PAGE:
And then there were three. Asset-backed commercial paper (ABCP) markets are used to constantly churning short-term debt, but risk-wary investors recently changed that for markets in the U.S. and Canada. Now, it seems that the European ABCP market is beginning to feel the effects of the short-term debt liquidity slowdown.
Last weekend, Moody's Investors Service downgrade the P-1 rating of ABCP notes issued from Golden Key Ltd., and Golden Key U.S., LLC, which issue Euro CP and U.S. CP, respectively.
Launched in November 2005, and managed by Avendis Financial Services, the programs use their proceeds to invest in a portfolio of US residential MBS, according to the rating agency.
"The rating downgrade follows Golden Key's breach of certain liquidity and capital adequacy tests, declines in the market value of its assets, and a current inability to draw under its liquidity line," according to Moody's.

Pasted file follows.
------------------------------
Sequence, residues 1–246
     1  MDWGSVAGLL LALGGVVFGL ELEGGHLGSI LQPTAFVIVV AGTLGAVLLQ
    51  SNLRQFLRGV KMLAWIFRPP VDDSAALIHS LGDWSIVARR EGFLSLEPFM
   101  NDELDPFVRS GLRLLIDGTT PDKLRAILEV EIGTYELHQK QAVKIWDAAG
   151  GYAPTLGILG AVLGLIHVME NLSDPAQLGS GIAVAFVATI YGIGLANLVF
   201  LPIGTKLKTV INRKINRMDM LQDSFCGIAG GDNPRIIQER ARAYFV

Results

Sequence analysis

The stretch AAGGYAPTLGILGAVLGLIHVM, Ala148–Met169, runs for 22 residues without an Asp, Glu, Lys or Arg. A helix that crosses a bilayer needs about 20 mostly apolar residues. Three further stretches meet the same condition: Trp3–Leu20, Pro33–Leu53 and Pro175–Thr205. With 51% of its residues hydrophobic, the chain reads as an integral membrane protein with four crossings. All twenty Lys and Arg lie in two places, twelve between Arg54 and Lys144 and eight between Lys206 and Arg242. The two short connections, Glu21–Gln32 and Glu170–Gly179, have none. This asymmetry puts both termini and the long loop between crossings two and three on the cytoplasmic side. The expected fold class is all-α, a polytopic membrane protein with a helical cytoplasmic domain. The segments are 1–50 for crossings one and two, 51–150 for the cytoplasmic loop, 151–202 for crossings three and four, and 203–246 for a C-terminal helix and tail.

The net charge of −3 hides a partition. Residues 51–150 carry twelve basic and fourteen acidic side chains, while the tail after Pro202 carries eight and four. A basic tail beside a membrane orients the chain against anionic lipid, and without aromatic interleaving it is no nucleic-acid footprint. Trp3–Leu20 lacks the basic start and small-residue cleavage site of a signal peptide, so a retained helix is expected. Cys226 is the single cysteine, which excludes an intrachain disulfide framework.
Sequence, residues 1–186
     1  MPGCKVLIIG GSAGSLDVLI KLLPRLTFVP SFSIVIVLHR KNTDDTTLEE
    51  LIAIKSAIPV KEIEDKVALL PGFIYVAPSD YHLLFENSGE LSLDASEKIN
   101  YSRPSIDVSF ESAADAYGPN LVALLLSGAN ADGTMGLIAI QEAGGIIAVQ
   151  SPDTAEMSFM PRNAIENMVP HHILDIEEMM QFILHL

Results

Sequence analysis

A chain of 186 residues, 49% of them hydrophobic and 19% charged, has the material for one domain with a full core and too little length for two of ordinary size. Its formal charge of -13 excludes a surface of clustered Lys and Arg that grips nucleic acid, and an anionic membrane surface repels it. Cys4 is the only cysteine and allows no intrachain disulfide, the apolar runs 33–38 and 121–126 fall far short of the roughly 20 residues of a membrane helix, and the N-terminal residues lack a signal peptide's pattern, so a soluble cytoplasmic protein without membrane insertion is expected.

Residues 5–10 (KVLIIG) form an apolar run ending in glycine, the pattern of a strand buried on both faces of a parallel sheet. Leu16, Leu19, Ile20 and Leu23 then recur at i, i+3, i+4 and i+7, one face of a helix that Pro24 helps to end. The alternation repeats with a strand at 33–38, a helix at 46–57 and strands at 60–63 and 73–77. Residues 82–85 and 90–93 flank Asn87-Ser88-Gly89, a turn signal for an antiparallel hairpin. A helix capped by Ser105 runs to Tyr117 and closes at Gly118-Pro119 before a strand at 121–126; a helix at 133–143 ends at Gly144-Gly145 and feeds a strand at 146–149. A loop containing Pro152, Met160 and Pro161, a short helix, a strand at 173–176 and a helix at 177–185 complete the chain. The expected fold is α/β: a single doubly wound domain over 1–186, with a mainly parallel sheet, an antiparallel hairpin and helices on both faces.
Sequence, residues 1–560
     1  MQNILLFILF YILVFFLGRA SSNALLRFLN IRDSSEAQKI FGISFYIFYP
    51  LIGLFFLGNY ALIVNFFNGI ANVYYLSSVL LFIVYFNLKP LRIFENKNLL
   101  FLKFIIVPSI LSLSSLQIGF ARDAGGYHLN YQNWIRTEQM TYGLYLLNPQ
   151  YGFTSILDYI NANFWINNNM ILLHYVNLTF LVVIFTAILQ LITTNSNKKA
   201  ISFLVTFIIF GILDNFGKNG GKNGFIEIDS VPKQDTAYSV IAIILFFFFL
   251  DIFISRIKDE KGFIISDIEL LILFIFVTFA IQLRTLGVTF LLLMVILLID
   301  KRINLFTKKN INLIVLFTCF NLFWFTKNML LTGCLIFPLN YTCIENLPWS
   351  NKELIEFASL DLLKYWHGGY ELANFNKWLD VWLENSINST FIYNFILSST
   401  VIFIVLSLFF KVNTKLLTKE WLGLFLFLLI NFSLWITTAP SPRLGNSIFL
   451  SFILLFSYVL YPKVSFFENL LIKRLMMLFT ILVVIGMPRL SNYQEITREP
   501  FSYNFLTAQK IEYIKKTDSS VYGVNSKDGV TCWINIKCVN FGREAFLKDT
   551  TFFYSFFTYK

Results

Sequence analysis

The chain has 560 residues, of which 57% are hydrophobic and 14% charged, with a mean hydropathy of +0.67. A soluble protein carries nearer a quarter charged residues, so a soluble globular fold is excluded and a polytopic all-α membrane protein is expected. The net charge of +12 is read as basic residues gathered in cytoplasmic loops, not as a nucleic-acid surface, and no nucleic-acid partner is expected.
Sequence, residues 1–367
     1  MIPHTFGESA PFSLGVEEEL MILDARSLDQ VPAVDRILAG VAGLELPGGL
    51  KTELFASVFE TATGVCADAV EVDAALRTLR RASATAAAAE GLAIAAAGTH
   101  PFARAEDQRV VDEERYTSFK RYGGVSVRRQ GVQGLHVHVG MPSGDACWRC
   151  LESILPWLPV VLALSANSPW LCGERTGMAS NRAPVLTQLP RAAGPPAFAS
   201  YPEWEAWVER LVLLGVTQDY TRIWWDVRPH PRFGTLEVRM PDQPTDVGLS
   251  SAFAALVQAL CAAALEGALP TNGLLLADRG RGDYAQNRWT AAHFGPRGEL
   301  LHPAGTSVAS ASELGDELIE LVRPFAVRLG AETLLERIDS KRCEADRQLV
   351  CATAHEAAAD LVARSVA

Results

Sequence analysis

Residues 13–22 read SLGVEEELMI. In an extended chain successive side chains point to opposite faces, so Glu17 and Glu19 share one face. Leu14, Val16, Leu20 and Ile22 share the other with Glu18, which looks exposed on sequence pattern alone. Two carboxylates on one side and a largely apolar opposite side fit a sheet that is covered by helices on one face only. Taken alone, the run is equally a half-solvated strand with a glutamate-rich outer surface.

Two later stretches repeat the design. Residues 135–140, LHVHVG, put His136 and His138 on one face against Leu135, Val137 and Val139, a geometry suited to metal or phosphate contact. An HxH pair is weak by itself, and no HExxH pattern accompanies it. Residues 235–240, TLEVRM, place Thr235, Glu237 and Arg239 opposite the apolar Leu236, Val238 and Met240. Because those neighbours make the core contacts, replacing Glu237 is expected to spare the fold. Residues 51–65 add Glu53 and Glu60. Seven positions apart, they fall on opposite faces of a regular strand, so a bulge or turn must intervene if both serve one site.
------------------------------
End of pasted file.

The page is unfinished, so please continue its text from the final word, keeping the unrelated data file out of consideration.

The rating action also follows three weeks of turbulence in the ABCP markets, beginning about three weeks ago with the destabilization of U.S.-based ABCP conduits and structured investment vehicles.
Last Monday, yields on ABCP paper with 30-day maturities rose for the fourth straight day, as frightened investors shifted their money into the relative safety of U.S. Treasuries, reported Bloomberg. Average yields on ABCP rated A-1 rose nine basis points, to 6.09 percent, the service reported.
Both Golden Key vehicles partially supported and invest in U.S. residential MBS, precisely the types of vehicles that are seeing the most instability in the U.S. market. As for the Canadian market, most of the trouble was centered on ABCP vehicles that were sponsored by specialty finance companies. At most risk were vehicles that were sponsored by such companies and which funded U.S. residential MBS.